European Commission Proposes €200B Economic Recovery Plan; €5B Green Cars Initiative
26 November 2008
The European Commission presented a €200 billion (US$257 billion) Recovery Plan—equivalent to 1.5% of European GDP—to pull Europe’s economy out of its current crisis. One of the elements of the plan is a €5 billion (US$6.4 billion) “European green cars initiative”.
The plan will use a wide range of policies and instruments. The co-ordinated fiscal stimulus of around €200 billion comprises around €170 billion (1.2% of GDP) from Member States, and around €30 billion (0.3% of GDP) as EU level action within the EU budget and from the European Investment Bank (EIB). The stimulus will stay within the Stability and Growth Pact, while making use of the full flexibility offered by the Pact.
Exceptional times call for exceptional measures. The jobs and well-being of our citizens are at stake. Europe needs to extend to the real economy its unprecedented coordination over financial markets.
The Recovery Plan can keep millions in work in the short-term. It can turn the crisis into an opportunity to create clean growth and more and better jobs in the future... f Europe acts decisively to implement this Recovery Plan, we can get back on a path of sustainable growth and pay back short-term government borrowing. If we do not act now, we risk a vicious recessionary cycle of falling purchasing power and tax revenues, rising unemployment and ever wider budget deficits.—Commission President José Manuel Barroso
The Recovery Plan includes detailed proposals for partnerships between the public sector—using Community, EIB and national funding—and private sectors to boost clean technologies through support for innovation. In addition to the European green cars initiative, the Plan proposes a European energy-efficient buildings initiative worth €1 billion; and a factories of the future initiative estimated at €1.2 billion.
European Green Cars Initiative. The European green cars initiative would involve research on a broad range of technologies and smart energy infrastructures essential to achieve a breakthrough in the use of renewable and non-polluting energy sources, safety and traffic fluidity.
The partnership would be funded by the Community, the EIB, industry and Member States’ contributions. In this context, the EIB would provide cost-based loans to car producers and suppliers to finance innovation, in particular in technologies improving the safety and the environmental performance of cars, e.g. electric vehicles.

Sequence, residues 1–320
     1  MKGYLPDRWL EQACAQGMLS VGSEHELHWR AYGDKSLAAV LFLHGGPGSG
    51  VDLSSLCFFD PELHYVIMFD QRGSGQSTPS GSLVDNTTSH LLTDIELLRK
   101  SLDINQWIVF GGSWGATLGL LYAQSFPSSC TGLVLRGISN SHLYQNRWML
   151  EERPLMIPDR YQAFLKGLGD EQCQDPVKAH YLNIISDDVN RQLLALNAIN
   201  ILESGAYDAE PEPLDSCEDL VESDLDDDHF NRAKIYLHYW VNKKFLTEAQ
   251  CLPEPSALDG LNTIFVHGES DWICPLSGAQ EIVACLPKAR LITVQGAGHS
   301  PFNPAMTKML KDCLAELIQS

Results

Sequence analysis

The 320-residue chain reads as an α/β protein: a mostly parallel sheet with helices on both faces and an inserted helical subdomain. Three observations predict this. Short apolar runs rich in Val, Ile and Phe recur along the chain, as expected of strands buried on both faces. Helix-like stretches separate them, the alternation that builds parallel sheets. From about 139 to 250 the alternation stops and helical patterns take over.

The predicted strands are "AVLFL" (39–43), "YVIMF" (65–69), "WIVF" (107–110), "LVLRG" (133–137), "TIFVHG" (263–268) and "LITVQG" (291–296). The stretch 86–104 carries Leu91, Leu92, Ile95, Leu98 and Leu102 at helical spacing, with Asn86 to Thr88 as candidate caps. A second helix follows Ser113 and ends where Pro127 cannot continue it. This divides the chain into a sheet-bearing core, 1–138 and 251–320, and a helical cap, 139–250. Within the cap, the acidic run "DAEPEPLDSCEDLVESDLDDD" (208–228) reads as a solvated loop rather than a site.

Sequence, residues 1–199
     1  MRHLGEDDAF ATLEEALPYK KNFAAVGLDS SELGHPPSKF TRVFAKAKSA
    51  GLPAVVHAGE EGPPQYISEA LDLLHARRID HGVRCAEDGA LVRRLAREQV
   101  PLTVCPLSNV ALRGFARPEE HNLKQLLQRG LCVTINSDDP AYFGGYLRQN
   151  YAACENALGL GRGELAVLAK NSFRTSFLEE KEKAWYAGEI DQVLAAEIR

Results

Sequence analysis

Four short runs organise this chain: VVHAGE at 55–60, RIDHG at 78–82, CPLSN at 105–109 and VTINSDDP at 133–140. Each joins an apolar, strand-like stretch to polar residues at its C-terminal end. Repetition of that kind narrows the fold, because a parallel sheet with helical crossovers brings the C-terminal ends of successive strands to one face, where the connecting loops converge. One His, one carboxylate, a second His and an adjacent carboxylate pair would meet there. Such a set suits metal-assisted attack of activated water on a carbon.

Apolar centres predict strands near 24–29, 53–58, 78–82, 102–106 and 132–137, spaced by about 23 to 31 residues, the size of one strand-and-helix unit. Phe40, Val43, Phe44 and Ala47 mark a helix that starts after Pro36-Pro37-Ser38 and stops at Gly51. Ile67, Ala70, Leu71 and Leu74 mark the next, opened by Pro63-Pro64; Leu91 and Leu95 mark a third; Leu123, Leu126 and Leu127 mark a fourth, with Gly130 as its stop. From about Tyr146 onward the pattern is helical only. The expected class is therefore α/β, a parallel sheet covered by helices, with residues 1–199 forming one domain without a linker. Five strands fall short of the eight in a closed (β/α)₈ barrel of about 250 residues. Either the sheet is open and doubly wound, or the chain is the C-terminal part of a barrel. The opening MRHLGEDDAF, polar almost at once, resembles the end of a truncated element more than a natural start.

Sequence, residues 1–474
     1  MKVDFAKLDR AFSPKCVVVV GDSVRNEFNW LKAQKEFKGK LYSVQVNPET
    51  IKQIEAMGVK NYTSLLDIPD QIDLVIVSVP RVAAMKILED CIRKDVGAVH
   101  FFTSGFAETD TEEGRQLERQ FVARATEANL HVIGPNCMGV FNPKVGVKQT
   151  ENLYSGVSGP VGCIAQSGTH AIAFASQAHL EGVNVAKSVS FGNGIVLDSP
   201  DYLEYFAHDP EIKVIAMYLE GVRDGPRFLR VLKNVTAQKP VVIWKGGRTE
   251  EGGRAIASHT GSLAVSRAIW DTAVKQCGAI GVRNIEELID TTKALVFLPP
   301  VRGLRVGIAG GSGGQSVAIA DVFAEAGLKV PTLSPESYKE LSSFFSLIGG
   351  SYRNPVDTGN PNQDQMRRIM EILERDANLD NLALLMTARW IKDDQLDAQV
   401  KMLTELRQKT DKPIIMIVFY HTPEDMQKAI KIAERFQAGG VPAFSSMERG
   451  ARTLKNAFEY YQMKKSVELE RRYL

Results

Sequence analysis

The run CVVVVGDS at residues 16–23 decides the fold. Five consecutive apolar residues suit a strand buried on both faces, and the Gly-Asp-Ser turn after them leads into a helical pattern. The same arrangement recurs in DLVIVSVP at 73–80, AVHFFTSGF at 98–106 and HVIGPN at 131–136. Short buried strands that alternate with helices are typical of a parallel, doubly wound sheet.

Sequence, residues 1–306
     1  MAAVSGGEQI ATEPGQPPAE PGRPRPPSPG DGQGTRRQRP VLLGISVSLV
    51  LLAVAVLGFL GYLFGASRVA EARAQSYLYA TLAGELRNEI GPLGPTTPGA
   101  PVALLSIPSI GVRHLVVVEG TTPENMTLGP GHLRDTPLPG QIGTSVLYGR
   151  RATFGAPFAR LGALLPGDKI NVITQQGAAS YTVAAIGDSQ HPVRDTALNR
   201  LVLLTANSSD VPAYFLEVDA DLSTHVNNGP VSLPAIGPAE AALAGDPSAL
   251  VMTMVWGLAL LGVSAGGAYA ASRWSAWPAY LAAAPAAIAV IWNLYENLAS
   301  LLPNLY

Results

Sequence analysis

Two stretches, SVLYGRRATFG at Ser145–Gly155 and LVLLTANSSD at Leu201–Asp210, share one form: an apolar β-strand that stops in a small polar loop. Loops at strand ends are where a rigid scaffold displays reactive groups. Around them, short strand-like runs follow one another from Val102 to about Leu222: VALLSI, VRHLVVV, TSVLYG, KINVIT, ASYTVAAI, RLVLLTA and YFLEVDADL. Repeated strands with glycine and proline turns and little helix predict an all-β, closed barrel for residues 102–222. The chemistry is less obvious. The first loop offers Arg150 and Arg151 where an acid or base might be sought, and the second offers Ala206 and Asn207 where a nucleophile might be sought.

Demand side measures such as a reduction by Member States of their registration and circulation taxes for lower emission cars, as well as efforts to scrap old cars, should be integrated into the initiative. In addition, the Commission will support the development of a procurement network of regional and local authorities to pool demand for clean buses and other vehicles and speed up the implementation of the CARS21 initiative.
Other support for the auto industry. In addition to the general lift expected from the fiscal stimulus (increasing purchasing power, maintaining and increasing lending at affordable rates, and restoring confidence), the Plan includes several specific measures to assist automakers.
Temporary authorization to Member States to subsidize the part of the cost of guarantees for loans to car producers;
Supporting the work of the EIB to provide loans to car companies and their suppliers to finance innovation in clean technologies and better environmental performance;
Giving temporary authorization to Member States to provide subsidized loans for investment in new cars which either anticipate or go beyond new Community environmental standards, before they enter into force;
Revising the rules of the Globalization Adjustment Fund so that it can intervene more rapidly in sectors like cars either to co-finance training and job placements for workers made redundant or to keep skilled workers in the labor market because their skills will be needed once the economy starts to recover.
The Commission is asking Heads of State and Government at the European Council on 11-12 December to endorse the Recovery Plan and show their determination to act together in a closely coordinated way.
European automakers had earlier approached to European Commission (EC) seeking €40 billion in loans to support their shift to lower GHG-emitting vehicles. (Earlier post.) The European Automobile Manufacturers’s Association (ACEA) called the economic recovery plan presented by the European Commission “a welcome first step towards addressing the consequences of the financial crisis”.